13 Apr Update on the Virginia Medicaid Expansion Debate
Lawmakers in Virginia were unable to approve the Commonwealth’s biennial spending plan earlier this year; which included provisions for Medicaid Expansion. Due to a divide in Republican support within the House and Senate, the legislators agreed to reconvene for a special session, which took place Wednesday. Leading up to the session, in an effort to persuade Republican Senate support for Medicaid expansion, House Speaker M. Kirkland Cox (R) proposed strictly enforcing work requirements. He recognizes the concerns of conservatives but also appreciates the need for healthcare for the 400,000 uninsured Virginians. Regarding the work requirements, Kirkland stated, “We’re going to look at that and try to, you know, strengthen that somewhat. I think among conservatives that’s something that’s very important.”
Despite the divided support in the last regular session, some legislators that had opposed expansion are now reconsidering supporting it. One of those who had previously been against expansion is Senate Majority Leader Thomas K. Norment Jr. (R). His willingness to support expansion is contingent on a more conservative approach and it would need to be developed collaboratively. In an interview with WCVE radio, Norment said, “if, in fact, there is going to be a fiscally responsible and conservative Medicaid expansion plan, it has got to be developed on a more collaborative basis. One person can’t develop that plan, come in and drop it down in front of 21 Republican senators and say, ‘Here it is.’ That is not going to work.”
In order to approve a budget and expand Medicaid, legislators will need to have their plan drafted by July 1 or the state will experience its first government shutdown.
Senate Minority Leader Richard L. Saslaw (D) says, “This is something that should have been done three or four years ago, but better late than never. Between 350,000 and 400,000 Virginians will get the health care that’s needed.”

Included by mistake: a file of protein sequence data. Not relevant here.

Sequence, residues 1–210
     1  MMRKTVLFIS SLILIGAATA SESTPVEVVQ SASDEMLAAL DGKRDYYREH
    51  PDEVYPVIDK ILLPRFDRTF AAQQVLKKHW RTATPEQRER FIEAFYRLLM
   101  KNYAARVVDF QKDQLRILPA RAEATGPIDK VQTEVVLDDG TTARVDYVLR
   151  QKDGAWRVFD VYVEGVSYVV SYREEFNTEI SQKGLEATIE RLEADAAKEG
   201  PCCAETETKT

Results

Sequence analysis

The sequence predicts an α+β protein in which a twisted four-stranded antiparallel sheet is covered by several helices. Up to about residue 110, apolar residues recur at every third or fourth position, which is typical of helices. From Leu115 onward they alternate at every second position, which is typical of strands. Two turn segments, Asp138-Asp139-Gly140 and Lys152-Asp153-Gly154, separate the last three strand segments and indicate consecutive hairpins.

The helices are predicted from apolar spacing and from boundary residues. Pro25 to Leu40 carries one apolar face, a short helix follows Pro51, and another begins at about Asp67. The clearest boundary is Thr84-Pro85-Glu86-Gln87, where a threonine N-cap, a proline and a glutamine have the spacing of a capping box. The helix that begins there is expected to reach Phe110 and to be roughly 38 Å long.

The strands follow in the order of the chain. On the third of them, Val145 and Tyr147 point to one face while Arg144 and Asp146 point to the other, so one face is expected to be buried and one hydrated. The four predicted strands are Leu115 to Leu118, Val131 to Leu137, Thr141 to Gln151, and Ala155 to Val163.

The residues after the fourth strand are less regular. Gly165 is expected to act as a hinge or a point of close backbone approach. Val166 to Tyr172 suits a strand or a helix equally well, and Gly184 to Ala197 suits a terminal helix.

This week’s two-hour special session focused primarily on procedural moves. The next step will be to address Governor Ralph Northam’s (D) newly proposed budget bill that he presented in between the sessions. It will make its way through the House and Senate finance committees and then onto the chambers for voting. Finally, a conference will be held to sort out any remaining details between the House and Senate. It will require two Republicans to pass Medicaid expansion within the Senate; however, only one vote from Republicans is required to pass it in the form of a budget amendment.
According to Governor Northam’s projections, savings due to Medicaid expansion will be around $421 million. The House would like to see funds invested into education, raises for teachers, and other areas so they estimate the savings from expansion to be closer to $307 million as a result of varying start dates.
In the past, Virginia’s Republican representatives have not supported Medicaid expansion, but in recent months it’s starting to look like that will change. While the Republican Senate did not hold elections last year, the chamber nearly lost its majority to Democrats in November. As a result of the coming elections and the need for support from voters to retain control of the House, Republicans are now making efforts to convert Republican opposition to support Medicaid expansion.